Co-op turns the tables on idiot commentators (ahem) with fine crisis PR management

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By Andy Barr | Head Yeti

June 7, 2013 | 4 min read

Did you miss me during my week off? I thought not.

Grace under pressure: Co-op's comms team

Anyway, I am writing this week’s column sat at the back of a lecture hall at Manchester Met Uni, listening to the founder of Wordpress talk about how it came to be. Yep, it’s SASCON conference time. How lecture halls have changed; this one looks like something from the movie Star Trek (the set, not all the techies that are sat in here resembling alien creatures). LOL.

Back to the grindstone though, this week appears to be all about big companies fending off attack.

Our good friends over at the world’s most ethical (cough) bank, The Co-Op, have announced a raft of new senior hires. A new chairman and a new finance director is a great PR move by Co-op.

This demonstrates they are doing all they can to plug the supposed £1.8bn gap in its capital finances. In my eyes, it’s working. They are slipping down the news agenda, the write-ups are largely positive and this is another fine example of great crisis communications management by their comms team.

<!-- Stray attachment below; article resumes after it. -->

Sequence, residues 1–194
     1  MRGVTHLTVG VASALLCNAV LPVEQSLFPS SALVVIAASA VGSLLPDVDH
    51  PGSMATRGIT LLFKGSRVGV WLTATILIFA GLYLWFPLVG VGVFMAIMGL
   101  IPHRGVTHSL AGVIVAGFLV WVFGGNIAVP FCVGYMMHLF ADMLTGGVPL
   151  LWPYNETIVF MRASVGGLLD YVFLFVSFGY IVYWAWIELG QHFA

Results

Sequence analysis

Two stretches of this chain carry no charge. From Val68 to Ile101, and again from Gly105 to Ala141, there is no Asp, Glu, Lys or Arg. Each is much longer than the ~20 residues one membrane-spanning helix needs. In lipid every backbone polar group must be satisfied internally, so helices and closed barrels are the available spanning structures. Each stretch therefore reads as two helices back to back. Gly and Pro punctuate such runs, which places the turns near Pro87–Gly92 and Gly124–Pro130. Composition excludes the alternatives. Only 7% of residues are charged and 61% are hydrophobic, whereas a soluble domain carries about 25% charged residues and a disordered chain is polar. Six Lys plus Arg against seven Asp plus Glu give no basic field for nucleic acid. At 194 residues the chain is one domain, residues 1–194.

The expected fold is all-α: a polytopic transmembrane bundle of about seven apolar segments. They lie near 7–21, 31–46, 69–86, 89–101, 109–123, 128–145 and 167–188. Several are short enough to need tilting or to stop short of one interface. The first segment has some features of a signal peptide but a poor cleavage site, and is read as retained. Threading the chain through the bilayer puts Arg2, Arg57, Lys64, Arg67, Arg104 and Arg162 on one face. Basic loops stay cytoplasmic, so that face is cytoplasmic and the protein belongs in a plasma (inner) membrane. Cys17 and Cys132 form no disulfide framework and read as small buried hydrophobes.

When you think that around a month ago, idiot commentators like myself were speculating that there may be a rush on the bank, and it could be the end to where they are today, I think it’s time I ate some humble pie and tip my hat to them.

How have they done it? Well, it’s consistent communications, serious messaging, and senior level buy-ins and actions, such as this week with the two new appointments.

Another FTSE that is fending people off is Severn Trent. I think most analysts reckon a deal will go through eventually, but at the moment it is all very flirty and in Facebook relationship terms they would say “it's complicated”.

I knew a few people over at Severn from my time spent in the world of Utilities (a great sector to work in by the way) and I get the impression that staff are worried about the job implications of being taken over, given what has historically happened to the sector.

This tells me that, whilst the external messaging is spot on - they got their most senior person doing the doorstep to media, being robust in their replies etc - the biggest challenge could be managing the internal messages.

OFWAT have said very little of importance so far, just the usual “play nicely everyone” but I think it will only be a matter of time before the government position on the potential sale is briefed out. I think this is when things could move quite quickly in terms of, if supported, it will go ahead, if not supported, it will quietly die.

Agree, disagree? Let me know, @10Yetis on The Twitter.

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